Do we need representations?
Posted by Tanas Gjorgoski on March 25, 2006
We are not erroneous in our belief that in principle it is possible to be looking at the real thing. (The opposite explanation would be that instead we are always looking at thing’s representation). We are not erroneous because the semantics of “looking at the thing” came from no other place, then the phenomena of looking at the things the way we experience looking at them. To say that we are in fact looking at a representation of the thing is just a confused usage of the terms.
One might, on this point, put to our attention that there is real possibility for illusion, point to a brain in vat scenario, or in modern version – Matrix movie scenario. And on that we can say thus: There is of course the real possibility for illusion, something else to appear to us, and to seem to us that we are looking at the real thing. And we don’t need to go so far for those examples as Matrix or brain in a vat – seeing a filmed lion on the TV, is not looking at the real lion, but is looking at some kind of illusion. The real lion which was filmed is not now at the place we see it on the screen, the lion is not doing those same things, and maybe is not among living lions after all.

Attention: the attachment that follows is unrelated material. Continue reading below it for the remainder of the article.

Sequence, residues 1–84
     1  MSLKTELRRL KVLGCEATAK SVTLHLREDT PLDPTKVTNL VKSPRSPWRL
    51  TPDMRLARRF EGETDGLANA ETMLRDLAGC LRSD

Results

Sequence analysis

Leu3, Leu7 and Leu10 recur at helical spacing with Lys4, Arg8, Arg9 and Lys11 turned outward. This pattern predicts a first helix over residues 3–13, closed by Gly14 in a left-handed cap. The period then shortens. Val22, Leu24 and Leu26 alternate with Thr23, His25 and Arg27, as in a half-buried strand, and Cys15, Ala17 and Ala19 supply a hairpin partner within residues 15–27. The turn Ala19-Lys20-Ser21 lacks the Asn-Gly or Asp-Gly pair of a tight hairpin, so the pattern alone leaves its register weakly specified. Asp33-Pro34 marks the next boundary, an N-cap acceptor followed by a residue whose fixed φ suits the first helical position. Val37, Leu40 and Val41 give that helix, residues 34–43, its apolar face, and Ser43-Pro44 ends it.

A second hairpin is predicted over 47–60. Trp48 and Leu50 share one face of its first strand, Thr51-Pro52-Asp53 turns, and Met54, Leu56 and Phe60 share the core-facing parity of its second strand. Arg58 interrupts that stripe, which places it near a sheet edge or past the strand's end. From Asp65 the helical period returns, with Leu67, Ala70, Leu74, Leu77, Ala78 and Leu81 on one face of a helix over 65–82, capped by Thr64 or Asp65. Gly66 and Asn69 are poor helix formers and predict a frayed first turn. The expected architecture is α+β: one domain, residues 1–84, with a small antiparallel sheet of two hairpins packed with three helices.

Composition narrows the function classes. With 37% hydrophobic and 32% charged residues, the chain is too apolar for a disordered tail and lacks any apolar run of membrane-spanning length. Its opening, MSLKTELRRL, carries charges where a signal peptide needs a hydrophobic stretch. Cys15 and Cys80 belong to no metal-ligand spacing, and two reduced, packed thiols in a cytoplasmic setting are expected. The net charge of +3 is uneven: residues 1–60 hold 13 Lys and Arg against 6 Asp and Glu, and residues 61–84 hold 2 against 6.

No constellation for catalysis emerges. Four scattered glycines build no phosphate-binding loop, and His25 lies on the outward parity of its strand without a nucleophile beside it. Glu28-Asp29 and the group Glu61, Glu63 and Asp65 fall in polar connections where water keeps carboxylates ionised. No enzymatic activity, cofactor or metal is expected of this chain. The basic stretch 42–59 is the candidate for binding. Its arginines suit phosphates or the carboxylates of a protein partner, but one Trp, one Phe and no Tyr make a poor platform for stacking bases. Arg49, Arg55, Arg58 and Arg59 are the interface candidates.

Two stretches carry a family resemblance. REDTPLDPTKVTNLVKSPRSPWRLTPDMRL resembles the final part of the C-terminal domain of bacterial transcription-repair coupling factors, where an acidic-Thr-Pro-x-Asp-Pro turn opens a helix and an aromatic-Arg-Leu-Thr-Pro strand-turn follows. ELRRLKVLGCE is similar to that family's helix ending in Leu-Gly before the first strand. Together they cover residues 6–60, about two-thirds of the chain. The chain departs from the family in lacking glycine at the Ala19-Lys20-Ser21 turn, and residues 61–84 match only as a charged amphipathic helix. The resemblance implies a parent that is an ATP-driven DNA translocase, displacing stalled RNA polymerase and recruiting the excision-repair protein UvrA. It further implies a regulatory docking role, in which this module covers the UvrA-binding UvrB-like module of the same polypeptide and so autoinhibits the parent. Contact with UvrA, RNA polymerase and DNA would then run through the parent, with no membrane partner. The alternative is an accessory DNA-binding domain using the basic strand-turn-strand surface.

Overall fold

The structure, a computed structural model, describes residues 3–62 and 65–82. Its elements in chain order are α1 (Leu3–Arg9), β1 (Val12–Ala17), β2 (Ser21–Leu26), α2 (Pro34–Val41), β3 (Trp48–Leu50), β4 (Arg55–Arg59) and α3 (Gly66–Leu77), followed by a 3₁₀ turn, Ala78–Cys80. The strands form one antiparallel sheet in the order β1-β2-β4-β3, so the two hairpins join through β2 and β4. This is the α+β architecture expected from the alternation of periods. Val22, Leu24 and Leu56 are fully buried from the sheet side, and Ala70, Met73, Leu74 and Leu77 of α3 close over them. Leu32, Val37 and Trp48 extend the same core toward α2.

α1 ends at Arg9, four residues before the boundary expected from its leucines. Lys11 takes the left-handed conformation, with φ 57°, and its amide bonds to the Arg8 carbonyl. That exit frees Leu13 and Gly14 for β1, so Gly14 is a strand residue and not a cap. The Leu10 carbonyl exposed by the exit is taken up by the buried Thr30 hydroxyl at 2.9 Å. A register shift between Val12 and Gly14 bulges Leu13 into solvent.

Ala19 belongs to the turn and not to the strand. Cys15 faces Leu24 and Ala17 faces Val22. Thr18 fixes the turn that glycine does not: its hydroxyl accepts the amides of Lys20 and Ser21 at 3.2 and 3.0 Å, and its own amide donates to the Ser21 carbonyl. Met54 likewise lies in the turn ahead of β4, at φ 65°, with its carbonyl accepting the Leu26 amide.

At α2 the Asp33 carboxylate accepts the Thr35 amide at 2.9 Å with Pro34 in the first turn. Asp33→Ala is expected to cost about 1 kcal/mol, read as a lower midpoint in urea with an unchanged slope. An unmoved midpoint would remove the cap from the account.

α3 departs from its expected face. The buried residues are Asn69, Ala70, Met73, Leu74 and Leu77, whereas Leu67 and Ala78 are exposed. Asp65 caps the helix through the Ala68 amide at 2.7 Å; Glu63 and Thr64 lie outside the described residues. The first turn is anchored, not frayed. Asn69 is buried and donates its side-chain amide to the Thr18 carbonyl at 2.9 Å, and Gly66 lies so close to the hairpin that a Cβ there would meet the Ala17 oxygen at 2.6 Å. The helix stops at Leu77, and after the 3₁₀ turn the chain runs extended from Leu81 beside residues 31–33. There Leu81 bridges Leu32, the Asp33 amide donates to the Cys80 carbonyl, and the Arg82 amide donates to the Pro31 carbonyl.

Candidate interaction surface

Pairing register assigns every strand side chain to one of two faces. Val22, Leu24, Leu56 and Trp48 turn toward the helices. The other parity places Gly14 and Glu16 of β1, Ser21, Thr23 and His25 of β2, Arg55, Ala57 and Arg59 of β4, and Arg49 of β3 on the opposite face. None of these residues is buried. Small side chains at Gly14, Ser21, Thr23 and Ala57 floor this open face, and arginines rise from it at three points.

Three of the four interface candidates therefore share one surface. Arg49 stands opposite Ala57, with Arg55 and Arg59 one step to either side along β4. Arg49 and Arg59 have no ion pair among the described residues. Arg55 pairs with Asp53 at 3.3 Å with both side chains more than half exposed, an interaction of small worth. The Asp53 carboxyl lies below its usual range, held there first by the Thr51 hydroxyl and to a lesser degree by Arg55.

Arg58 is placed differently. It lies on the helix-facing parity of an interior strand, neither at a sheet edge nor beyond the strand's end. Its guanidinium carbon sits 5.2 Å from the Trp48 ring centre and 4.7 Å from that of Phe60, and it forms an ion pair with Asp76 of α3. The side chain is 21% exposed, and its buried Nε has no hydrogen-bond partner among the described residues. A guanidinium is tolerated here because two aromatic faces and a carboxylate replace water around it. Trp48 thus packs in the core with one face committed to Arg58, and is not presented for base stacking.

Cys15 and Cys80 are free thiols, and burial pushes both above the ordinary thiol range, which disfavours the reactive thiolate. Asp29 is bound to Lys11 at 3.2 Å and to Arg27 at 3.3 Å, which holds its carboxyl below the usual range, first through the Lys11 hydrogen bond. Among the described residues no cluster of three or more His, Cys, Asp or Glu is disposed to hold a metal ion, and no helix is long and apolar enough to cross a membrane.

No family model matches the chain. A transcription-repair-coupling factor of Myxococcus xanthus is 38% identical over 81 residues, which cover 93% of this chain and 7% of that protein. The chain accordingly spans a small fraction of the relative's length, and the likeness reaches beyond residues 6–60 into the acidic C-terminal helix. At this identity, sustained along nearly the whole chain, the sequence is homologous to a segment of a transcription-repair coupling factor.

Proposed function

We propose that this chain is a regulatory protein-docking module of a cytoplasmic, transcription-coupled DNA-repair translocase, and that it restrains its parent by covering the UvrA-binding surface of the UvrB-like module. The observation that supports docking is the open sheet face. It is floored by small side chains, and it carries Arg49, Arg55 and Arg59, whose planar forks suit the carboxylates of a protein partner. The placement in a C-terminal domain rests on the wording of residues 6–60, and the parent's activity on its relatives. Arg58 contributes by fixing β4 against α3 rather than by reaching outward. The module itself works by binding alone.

So, where does this possibility for illusion comes from then, don’t we need to add such concept as representation to cover this possibility for illusion?
For sure not, the possibility of illusion can be found in the nature of looking itself, where looking as focusing in particular way on something, is just one way of our determining of things. A way to “probe” the thing, in order to actualize some potential, to “check” if it has it in it. In this case, it is where we shine light on it, and put our eyes in direct line with the thing, so we probe how it reacts with the light, and the information we can extract of it by probing it so.
And a thing is not just what is actualized by probing it.